Risk Factors of Breast Cancer

Understanding the Risks and Prevention of Breast Cancer


World Cancer Day brings with it a surge of questions about the dreaded C word that doctors and patients, the world over, are most afraid of hearing. Breast cancer has rapidly become one of the most dreaded diseases in the world. There are millions of new cases of breast cancer being reported every year.

The diagnosis of this disease, in many cases, takes too long simply because of a lack of overt symptoms. Studies have also shown that there may also be a strong hereditary connection to this disease. Having said that, there are a number of risk factors that can considerably increase your chances of contracting this disease.

Risk Factors for Breast Cancer

There is two types of risk factors that can lead to breast cancer among women. One type of factor is those that you cannot change, the other set, however, are ones that you have complete control over. Let’s take a look at both.

Factors beyond your control:

Age: The risk of contracting breast cancer increases with age, most breast cancers are diagnosed after the age of 50.

Genetic Changes: There are certain inherited changes to particular genes, especially BRCA1 and BRCA2, that can cause you to have breast cancer. Women who have inherited these genes are at a higher risk of breast cancer and ovarian cancer, both.

Reproductive History: Those women who start having menstrual periods before the age of 12 and those that start menopause at the age of 55 are exposed to hormones for a longer duration. This increases their risk for breast cancer.

Breast Density: Women who have dense breasts are at a greater risk of having breast cancer. This is simply because these breasts have much more connective tissue than fatty tissue making it difficult to see tumors on mammograms.

Medical History: It is known that women who have had breast cancer once are at a greater risk of recurrence. Moreover, if a woman has a personal history of breast cancer or certain non-cancerous breast diseases she can get breast cancer. Non-cancerous breast diseases like atypical hyperplasia or lobular carcinoma are also connected with a higher risk of breast cancer.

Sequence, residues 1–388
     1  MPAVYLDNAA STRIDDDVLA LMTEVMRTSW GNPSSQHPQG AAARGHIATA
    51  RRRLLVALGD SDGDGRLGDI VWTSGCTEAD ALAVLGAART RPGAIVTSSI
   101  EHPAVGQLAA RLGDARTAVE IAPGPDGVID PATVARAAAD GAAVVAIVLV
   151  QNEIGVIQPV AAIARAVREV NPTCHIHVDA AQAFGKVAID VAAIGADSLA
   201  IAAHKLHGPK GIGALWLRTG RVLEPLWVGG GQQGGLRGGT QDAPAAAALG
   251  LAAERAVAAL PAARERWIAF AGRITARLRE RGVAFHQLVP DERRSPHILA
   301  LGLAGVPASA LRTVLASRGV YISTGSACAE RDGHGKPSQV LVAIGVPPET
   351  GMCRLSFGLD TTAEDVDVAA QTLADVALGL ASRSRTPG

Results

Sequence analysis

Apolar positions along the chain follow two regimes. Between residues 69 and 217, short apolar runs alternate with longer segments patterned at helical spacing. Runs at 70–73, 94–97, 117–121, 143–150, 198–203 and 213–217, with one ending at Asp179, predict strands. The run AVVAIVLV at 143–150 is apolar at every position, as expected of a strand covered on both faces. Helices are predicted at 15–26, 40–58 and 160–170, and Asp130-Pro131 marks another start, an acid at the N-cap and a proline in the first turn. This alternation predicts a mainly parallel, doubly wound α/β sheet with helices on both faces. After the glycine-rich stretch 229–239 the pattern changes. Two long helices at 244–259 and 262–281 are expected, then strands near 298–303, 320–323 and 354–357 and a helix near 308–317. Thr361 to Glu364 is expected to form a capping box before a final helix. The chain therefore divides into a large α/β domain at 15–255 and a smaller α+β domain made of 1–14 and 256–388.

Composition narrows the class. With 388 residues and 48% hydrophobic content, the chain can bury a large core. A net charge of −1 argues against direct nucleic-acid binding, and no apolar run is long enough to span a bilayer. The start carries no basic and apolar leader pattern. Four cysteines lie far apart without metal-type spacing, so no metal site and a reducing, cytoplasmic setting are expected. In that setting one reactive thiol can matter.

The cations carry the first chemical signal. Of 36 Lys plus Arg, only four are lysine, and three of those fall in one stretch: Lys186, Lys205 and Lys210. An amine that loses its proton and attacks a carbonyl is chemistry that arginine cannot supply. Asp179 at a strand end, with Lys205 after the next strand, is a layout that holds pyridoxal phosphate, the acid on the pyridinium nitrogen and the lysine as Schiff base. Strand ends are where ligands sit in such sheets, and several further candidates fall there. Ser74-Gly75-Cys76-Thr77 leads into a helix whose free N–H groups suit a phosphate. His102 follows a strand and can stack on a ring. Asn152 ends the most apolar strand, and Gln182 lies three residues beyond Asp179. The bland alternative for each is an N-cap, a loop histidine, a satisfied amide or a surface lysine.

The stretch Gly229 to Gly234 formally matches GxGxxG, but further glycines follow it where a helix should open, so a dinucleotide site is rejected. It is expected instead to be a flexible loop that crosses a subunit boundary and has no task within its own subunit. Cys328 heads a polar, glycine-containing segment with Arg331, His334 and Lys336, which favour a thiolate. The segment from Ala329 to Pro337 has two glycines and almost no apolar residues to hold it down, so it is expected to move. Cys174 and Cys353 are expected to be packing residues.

Family History: If the woman has a female member of her immediate family that has had breast cancer, or family members on her mother’s or father’s side of the family who have had the disease, she is at high risk for breast cancer. This is true even if the woman has a male relative who had breast cancer.

Radiation: Women who have had radiation therapy on their chest or breasts before 30 years of age are at great risk for breast cancer.

Diethylstilbestrol (DES): DES was a drug usually given to women who were pregnant to prevent miscarriages. Women whose mothers took the drug are at risk for breast cancer.

Factors under your control:

Sedentary Habits: It has been found that women that are not physically active are at a greater risk of breast cancer.

Weight: Research has shown that older women that are overweight or obese are at great risk of getting breast cancer than those that are at a normal weight.

Ingesting Hormones: There are forms of hormone replacement therapy which when taken during menopause can increase the risk of breast cancer. There are certain oral contraceptives that have also been found to increase breast cancer risk.

Reproductive History: If a woman has had her first pregnancy before the age of 30, or is not breastfeeding, or never has had a full-term pregnancy, she can have an increased risk of breast cancer.

Alcohol: Studies have been emphatic about their findings that women who drink increase their risk for breast cancer by a large margin.